This article discusses what hedge fund managers should look for in the companies that provide accounting, brokerage, directorial, administration, legal, consulting, risk management and technology services to a fund.  To do so, this article focuses on questions that hedge fund managers should ask and issues they should address when retaining or changing service providers.

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  • From Vol. 5 No.29 (Jul. 26, 2012)

    Corgentum Survey Illustrates the Views of Hedge Fund Investors on the Roles, Duties, Risks and Performance of Service Providers

    Corgentum Consulting, LLC, a specialist consulting firm that performs operational due diligence reviews of fund managers, recently conducted a survey asking hedge fund investors five questions about their views on service providers, including questions concerning the functions provided by service providers and the risks associated with them.  This article describes the survey findings.

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  • From Vol. 5 No.13 (Mar. 29, 2012)

    SEC Enforcement Action Against Investment Adviser Highlights Importance of Conducting Due Diligence on a Hedge Fund’s Auditor to Avoid Fraud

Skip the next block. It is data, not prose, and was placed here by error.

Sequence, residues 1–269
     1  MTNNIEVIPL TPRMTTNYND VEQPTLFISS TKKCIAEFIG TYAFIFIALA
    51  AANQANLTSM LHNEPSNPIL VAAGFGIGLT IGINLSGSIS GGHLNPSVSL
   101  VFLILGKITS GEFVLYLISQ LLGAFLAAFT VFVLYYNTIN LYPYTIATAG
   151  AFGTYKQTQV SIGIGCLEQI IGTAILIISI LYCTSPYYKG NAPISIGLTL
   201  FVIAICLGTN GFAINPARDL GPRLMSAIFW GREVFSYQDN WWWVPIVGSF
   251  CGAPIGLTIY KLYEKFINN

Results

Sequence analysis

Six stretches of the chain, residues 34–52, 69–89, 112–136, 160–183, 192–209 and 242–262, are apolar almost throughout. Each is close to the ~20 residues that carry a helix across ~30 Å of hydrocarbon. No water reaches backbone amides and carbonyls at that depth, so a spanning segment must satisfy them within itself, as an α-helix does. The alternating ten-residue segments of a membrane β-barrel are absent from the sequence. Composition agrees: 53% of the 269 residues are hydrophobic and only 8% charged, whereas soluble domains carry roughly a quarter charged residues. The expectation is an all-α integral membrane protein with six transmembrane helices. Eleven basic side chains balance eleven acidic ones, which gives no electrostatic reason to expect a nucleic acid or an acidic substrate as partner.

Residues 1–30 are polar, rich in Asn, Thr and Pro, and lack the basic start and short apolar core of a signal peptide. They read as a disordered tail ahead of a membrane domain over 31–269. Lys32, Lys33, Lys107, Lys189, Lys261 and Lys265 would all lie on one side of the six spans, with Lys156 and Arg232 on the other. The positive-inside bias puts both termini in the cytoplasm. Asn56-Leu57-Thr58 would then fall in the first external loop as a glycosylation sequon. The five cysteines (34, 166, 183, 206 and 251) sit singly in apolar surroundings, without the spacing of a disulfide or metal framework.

Although hedge fund investment decisions are based on numerous factors, information relating to a hedge fund’s financial condition and performance results remains a critical component of any such decision.  See “Legal and Operational Due Diligence Best Practices for Hedge Fund Investors,” The Hedge Fund Law Report, Vol. 5, No. 1 (Jan. 5, 2012).  Various parties have a hand in creating and confirming the information that goes into financial statements and performance reporting.  Those parties include the manager, the administrator and the auditor.  Many investors pay particularly close attention to reports from auditors because of the rigorous standards governing the accounting profession and the presumably uniform application of those standards across different contexts.  However, information about a hedge fund provided by an accountant is only as good as the accountant itself.  A good accountant can provide, directly or indirectly, good information to an investor – even though the accountant’s duty typically does not flow to the investor – while a bad accountant can provide a false sense of security or, worse, cover for a fraud.  Indeed, a recurring feature of frauds in the hedge fund industry is an accountant that does not exist, is much smaller or less experienced than claimed or that is affiliated with the manager.  An accounting firm that was both fictitious and affiliated with the manager was a notable feature of the Bayou fraud.  See “Recent Bayou Judgments Highlight a Direct Conflict between Bankruptcy Law and Hedge Fund Due Diligence Best Practices,” The Hedge Fund Law Report, Vol. 4, No. 25 (Jul. 27, 2011).  A fraudulent auditor and fictitious financial statements also featured prominently in a recently filed SEC action against an investment adviser.  This article summarizes the SEC’s Complaint in that action and describes five techniques that hedge fund investors can use to confirm the existence, competence and reliability of hedge fund auditors.